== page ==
The ‘Learning Database’ or ‘Why do we need so many different databases?’

It’s 2011 and database management and design is still a tedious job. Software does more amazing things every day but when it comes to databases it’s back to 1970 in many ways.

Scrapy in action\ Creative Commons License photo credit: Espen Klem

My ideal database would borrow from RDBMS (like SQL Server), Document databases (like MongoDB), Graph Databases and Semantic Web Triple Stores; it would be the perfect hybrid of all of these and it would configure itself to be as efficient as possible answering queries.

Initially it might start storing data using a triple store format (since that’s one of the simplest forms of database and yet is capable of some of the richest expression of facts), it might use some graph database techniques to improve performance on the triple store. As triples accumulate regarding a specific subject (or object) it would automatically cluster them and use MongoDB-like documents to store the data in a way that can be retrieved efficiently (like I do in my MongoDB triple store). As more data piles up and the important columns become apparent it would switch some of the data to a relational database format and add any necessary indexes. All this would happen totally automatically.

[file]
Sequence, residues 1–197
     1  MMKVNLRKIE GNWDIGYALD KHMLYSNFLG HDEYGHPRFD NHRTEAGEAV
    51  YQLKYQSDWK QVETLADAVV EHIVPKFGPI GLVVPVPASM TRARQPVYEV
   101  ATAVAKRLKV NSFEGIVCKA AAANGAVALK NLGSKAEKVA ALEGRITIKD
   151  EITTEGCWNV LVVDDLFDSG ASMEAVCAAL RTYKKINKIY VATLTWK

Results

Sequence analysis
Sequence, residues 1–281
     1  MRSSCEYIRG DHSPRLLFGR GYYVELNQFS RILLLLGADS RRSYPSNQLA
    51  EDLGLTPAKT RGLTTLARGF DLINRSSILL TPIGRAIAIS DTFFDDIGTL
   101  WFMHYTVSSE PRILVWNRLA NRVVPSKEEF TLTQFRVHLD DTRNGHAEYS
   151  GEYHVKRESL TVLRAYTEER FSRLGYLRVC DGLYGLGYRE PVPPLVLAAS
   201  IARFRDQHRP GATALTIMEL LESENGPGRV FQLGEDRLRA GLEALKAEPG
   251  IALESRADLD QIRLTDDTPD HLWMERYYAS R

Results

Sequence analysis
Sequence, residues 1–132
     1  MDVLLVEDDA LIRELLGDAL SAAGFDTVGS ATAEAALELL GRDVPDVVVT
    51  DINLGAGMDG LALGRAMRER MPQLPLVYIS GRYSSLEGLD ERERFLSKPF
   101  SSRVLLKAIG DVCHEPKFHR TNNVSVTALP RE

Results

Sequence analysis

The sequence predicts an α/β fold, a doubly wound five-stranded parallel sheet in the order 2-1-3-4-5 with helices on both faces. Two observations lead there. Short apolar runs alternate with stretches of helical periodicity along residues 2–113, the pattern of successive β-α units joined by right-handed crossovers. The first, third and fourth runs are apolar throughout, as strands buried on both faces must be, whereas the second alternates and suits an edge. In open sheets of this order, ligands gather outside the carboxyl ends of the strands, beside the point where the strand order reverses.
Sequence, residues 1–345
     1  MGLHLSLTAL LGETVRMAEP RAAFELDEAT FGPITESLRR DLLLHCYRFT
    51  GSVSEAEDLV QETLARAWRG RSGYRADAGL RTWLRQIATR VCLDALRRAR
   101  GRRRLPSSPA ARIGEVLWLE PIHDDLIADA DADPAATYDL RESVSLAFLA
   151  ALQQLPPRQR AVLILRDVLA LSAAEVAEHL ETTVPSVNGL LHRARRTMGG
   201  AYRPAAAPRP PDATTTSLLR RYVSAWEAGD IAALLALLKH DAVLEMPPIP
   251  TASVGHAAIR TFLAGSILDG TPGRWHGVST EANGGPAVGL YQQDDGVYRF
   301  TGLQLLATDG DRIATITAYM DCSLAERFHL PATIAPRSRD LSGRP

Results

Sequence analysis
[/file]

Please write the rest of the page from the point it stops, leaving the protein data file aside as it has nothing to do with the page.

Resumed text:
It would of course also include map-reduce, using whatever language you want to use, and it would shard and replicate itself across servers automatically to maximize performance or reliability or whatever you want it to maximize. Advanced semantic reasoning capabilities would also be included so you can ask complex SPARQL queries expressing logic that you simply cannot do with relational databases today.

At this point the DBAs in the audience are freaking out, partly because they don’t have a job any more, but also because they want to ask all the usual questions “what about constraints?”, “what about foreign keys?”, and of course “what about stored procedures?” because they can’t live without that Cobol-esque T-SQL syntax. Well, guess what DBAs, OWL is a much more powerful way of expressing all those constraints. Using OWL and other semantic web technologies you can build complex ontologies that define how the data is represented and the constraints on it. You can even create an Ontology for your rules, and an Ontology for your Ontology for you rules, …. and so on.

I think this is where databases will end up, and I hope that CJ Date (one of the fathers of modern databases) will still be around to see it!

Fri Mar 25 2011 07:27:14 GMT-0700 (Pacific Daylight Time)

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